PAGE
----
ANNAPOLIS – Despite about an hour of sleep, an energized Maryland governor-elect Larry Hogan Jr. livened a conference room at the Westin Hotel in Annapolis Wednesday morning with cordial anecdotes and a down-to-business outlook.
“Today we turn a new chapter; the campaign is over,” Hogan said to a group of weary-eyed supporters, who greeted him with applause and cheers. “Now, the governing begins.”
With the conclusion of a surprisingly successful campaign late Tuesday night, the Republican Hogan had a moment during his hour of rest early Wednesday morning to recollect and relish winning the Maryland gubernatorial election.
“My wife and I looked at each other this morning, and I said, ‘Good morning, First Lady,’ and she said, ‘Good morning, Governor,” Hogan said. “It was an interesting feeling.”
In a stunning upset, Hogan defeated Lt. Gov. Anthony Brown, who until very recently had been leading in most polls in the heavily blue state, by more than 4 percentage points.
“I was very impressed with how well this campaign was run; very clean with a lot of hard work,” said retired school teacher Gail Romain, who attended Wednesday’s news conference in support of Hogan. “I think this makes a statement about how much Maryland wants and needs change.”
Hogan recapped the dramatic night, full of congratulatory phone calls from local and national politicians, including Democratic Gov. Martin O’Malley, who declared his full cooperation during the transfer of power, and New Jersey Gov. Chris Christie.
Christie, who is chairman of the Republican Governors’ Association, was extremely excited about Hogan’s victory, calling it one of the biggest upsets in the country, and said he wanted to fly to Annapolis to celebrate at the administration’s headquarters, Hogan recalled.
“He told me it would be an hour, and I said, ‘We just can’t wait that long,”Hogan said.
“We are as happy as we are tired,” said Hogan campaign victory director Kevin Conroy, 34, from Arlington, Virginia. “I’m incredibly proud of our staff and volunteers. Everyone worked so hard, but it makes it easier when you actually like the candidate.”
“We got outspent by Brown, not to mention he has an army of staff,” said Hogan’s deputy political director Paul Beatty, 24, from Annapolis. “We just had a small staff that worked incredibly hard.”
Even amid registered Democrats who outnumber Republicans 2 to 1 in Maryland, Hogan said, he remained confident in his chances because of the conversations he had with Maryland residents who told him they felt disconnected from their state government.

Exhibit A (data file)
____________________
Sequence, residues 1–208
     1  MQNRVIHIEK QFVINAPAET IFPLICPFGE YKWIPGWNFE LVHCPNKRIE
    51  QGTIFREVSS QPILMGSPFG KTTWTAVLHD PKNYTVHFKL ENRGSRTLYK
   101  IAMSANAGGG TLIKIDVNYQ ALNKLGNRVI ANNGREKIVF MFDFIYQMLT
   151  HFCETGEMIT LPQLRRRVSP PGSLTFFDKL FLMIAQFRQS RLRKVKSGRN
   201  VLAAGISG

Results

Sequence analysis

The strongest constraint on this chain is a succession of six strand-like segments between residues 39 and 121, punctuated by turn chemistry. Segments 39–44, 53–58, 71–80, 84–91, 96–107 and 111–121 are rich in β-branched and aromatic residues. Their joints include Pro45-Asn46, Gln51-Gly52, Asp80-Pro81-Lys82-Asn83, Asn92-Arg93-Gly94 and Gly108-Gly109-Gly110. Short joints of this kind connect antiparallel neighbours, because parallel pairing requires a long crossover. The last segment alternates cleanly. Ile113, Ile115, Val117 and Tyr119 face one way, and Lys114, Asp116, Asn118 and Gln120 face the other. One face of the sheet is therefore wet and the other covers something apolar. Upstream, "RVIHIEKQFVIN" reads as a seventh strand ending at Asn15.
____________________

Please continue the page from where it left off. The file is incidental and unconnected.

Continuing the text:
“The pollsters and the pundits and the talking heads and the media all seem to talk to each other, and it creates sort of an echo chamber,” Hogan said. “I was talking to Marylanders. What we were hearing, from everywhere, was an overwhelming sense of frustration.”
In a heavily blue state, Hogan ran an increasingly competitive campaign, pushing pro-business policies and cuts to O’Malley’s string of tax increases, while downplaying social issues.
Hogan said he plans to work efficiently with the Democratic leaders in the State House, including Comptroller Peter Franchot, whom some pundits are pointing to now as the most powerful Democrat in the state.
“He actually has been agreeing with me for the past three years, sounding the alarms and talking about the fact that the chickens have come home to roost, that we spend too much, we tax too much and we borrow too much,” Hogan said. “He’s been a lone voice of the Board of Public Works.”
Hogan told reporters a handful of times that he would not field specific questions regarding policy and tax reform right after election night, but made clear his determination to “get things done in a bipartisan fashion,” cut spending and “roll back as many of the 40 consecutive tax hikes as we can.”
Hogan is preparing a “transition team,” comprised of Republicans and Democrats, to help ease into the governor’s role. The team will be co-chaired by Jim Brady, who headed up the transition teams for past governors Parris Glendening, a Democrat, and Bob Ehrlich, a Republican; and lieutenant governor-elect Boyd Rutherford.
-Capital News Service correspondent Dani Shae Thompson contributed to this report.